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Third Division debuts

Updated: Jan 24, 2022

The issue of the Radio Times published on this day in 1949 carried a preview of a new series of shows on the BBC's Third Programme.

 

No Whimsy-Whamsy in the Third

The vexed question of whether to be funny in the Third Programme or not - and if so, how - may be answered on Wednesday, with a new departure in broadcasting under the title Third Division. The idea is a development of the provocative Listen, My Children broadcast last year.


There were only two reactions to Listen, My Children - violently for or violently against. The same producer (Pat Dixon) will be responsible for Third Division, and the programmes are being constructed on broadly the same lines, although there are some definite changes. The new series will be more satirical and there will be a greater element of burlesque.


Broadcasting entertainment of this kind in the Third tends to expose the material to criticism which would not be levelled at it if it appeared either in the Home or Light Programme. But, as Pat Dixon says, 'there is really no dividing line in humour. One cannot say: Because this appeals to A it will not appeal to B. The difficulty is to find just what is right for the particular audience we have in mind, especially with the music. We shall try above all to avoid the whimsay-whamsy, and the whole thing will be made as radiogenic as possible.'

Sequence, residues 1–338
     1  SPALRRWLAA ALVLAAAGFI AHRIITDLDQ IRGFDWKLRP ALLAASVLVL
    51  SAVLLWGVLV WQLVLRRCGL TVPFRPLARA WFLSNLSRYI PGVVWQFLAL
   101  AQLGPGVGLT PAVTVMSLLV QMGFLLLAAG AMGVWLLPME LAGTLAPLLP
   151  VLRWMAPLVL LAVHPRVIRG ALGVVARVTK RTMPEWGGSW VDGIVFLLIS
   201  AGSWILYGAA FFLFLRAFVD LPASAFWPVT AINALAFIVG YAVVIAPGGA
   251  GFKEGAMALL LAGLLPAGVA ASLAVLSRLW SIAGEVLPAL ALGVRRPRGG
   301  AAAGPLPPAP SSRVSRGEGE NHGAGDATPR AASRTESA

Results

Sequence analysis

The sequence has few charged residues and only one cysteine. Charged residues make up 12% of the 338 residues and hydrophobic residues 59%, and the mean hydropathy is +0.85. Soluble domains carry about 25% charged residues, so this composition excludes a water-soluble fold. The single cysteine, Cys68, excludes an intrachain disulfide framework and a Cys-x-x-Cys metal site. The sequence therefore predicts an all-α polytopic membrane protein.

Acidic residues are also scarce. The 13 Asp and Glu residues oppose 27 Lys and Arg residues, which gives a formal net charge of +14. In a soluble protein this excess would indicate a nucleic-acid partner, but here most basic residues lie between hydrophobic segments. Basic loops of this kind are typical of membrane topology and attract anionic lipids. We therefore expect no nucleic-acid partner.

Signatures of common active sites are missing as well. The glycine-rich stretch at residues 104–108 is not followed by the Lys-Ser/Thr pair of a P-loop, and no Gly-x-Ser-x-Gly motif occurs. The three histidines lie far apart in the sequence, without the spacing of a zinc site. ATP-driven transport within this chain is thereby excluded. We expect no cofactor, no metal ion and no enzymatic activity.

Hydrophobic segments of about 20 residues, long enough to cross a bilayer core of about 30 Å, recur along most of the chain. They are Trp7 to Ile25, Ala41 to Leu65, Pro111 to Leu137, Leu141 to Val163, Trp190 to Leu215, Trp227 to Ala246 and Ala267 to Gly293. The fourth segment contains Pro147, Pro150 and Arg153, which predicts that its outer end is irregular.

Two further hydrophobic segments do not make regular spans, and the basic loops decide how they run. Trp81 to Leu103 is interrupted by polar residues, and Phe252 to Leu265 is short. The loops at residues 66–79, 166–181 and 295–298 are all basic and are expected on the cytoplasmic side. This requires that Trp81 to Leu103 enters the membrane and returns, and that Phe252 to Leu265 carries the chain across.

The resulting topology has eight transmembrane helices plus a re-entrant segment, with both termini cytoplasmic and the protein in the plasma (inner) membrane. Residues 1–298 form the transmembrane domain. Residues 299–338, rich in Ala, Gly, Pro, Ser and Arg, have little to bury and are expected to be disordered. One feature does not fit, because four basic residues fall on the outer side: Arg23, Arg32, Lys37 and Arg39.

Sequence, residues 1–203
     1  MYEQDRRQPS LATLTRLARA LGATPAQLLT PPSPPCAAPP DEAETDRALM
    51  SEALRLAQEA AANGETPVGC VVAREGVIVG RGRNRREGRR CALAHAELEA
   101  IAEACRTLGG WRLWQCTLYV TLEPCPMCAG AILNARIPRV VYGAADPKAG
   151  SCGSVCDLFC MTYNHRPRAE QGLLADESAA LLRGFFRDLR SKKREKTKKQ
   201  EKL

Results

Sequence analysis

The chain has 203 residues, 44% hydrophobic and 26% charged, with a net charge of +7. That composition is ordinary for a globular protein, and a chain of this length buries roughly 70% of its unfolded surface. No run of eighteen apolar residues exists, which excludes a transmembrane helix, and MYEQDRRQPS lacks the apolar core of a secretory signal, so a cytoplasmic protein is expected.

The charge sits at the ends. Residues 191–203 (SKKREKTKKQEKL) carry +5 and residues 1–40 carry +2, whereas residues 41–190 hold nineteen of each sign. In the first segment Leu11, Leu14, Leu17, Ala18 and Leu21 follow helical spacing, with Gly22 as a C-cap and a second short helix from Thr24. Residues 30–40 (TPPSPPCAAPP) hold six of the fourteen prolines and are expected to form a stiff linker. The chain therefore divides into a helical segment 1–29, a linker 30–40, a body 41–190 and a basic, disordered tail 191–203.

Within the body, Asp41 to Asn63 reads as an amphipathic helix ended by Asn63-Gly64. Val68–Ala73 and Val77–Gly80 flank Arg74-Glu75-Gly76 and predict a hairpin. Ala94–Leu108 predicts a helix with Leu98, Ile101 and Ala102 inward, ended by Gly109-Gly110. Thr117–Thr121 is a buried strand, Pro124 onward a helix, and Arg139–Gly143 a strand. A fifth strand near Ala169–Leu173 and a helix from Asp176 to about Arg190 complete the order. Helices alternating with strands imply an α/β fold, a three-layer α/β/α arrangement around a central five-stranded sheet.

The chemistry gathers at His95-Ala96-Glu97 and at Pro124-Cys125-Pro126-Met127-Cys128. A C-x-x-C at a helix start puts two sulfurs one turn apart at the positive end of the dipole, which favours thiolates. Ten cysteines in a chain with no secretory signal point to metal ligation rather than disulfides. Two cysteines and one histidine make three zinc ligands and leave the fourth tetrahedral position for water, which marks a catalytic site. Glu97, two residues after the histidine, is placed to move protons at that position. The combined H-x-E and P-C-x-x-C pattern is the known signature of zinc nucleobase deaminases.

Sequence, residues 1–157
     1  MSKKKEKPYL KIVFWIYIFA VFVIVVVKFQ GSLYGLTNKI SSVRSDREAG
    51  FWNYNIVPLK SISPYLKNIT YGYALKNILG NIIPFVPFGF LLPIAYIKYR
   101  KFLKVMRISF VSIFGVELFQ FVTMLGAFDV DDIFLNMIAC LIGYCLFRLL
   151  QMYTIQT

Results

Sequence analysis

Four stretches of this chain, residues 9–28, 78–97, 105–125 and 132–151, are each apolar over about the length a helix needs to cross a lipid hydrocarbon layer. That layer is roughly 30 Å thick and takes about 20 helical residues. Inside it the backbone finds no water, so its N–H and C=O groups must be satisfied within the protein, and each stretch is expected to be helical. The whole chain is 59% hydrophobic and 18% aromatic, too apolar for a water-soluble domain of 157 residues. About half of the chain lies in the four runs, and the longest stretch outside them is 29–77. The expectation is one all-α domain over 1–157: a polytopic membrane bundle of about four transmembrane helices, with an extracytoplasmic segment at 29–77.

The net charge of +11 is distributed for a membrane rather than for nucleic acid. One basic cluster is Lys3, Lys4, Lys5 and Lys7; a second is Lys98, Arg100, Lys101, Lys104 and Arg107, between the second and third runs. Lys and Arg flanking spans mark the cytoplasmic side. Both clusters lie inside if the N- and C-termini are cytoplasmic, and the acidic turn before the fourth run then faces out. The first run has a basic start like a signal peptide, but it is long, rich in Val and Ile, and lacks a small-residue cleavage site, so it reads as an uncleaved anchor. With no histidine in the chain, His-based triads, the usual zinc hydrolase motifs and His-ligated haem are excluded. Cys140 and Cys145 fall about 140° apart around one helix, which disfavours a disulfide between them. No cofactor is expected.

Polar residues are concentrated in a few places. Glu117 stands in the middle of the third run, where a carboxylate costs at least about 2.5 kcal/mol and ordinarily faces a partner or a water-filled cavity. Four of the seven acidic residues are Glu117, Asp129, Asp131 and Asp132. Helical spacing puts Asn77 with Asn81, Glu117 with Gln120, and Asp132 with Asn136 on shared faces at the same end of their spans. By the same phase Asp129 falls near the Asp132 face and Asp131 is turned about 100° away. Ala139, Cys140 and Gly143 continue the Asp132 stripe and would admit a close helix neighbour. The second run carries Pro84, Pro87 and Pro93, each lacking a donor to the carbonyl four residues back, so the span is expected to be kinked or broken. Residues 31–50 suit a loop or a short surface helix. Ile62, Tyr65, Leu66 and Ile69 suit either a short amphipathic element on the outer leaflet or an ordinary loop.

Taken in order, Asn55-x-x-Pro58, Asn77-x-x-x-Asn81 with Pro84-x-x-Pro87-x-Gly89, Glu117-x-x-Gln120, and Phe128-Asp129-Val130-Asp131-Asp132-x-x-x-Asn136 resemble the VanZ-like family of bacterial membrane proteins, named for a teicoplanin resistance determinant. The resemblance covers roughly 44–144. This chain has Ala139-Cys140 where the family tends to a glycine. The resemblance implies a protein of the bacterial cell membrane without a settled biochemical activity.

Listing for the first episode, 26 January 1949

Subtitled "Some Vulgar Fractions", Third Division was a variety-style show with sketches, music, and stand-up. Penned by Frank Muir and Denis Norden, who went on to have a major radio hit with Take It From Here, the cast also featured a trio of Goons: Bentine, Secombe and Sellers. Pat Dixon - a driving force behind the comedy revolution of the late 1940s and early 1950s - was the producer.


Also listed among the cast was Carole Carr, co-star of Down Among the Z Men and one-time Goon Maid Marion. Margaret Lindsay is there too, a comedy actress who was slated to appear in the first episode of the Goon Show, but for whatever reason did not, and there her association with the cast and the show seems to have ended.


Patricia Hayes was an actress with a varied career, including a small role in the 1988 comedy classic A Fish Called Wanda, and also appeared in The Battle of the Sexes, a 1959 film starring one Peter Sellers. She also featured in The World of Beachcomber, a 1968 series co-created by Spike Milligan.


Benny Hill features, at the start of a long and very successful comedy career, along with Robert Moreton, who went on to appear in Spike Milligan and Larry Stephens' Bumblethorpe series.


Here's what Roger Wilmut had to say about the series in his Goonography:

Third Division was referred to (though not by name) in the Radio Times publicity at the beginning of the fifth series of the Goon Show as a 'super-intellectual advanced comedy show' giving the first outlet to Goonism. This is not quite an accurate description of the show's style, which was more restrained than the Goon Show. Unfortunately no recordings have survived.

Six episodes were broadcast in total, running from 26 January to 2 March 1949.

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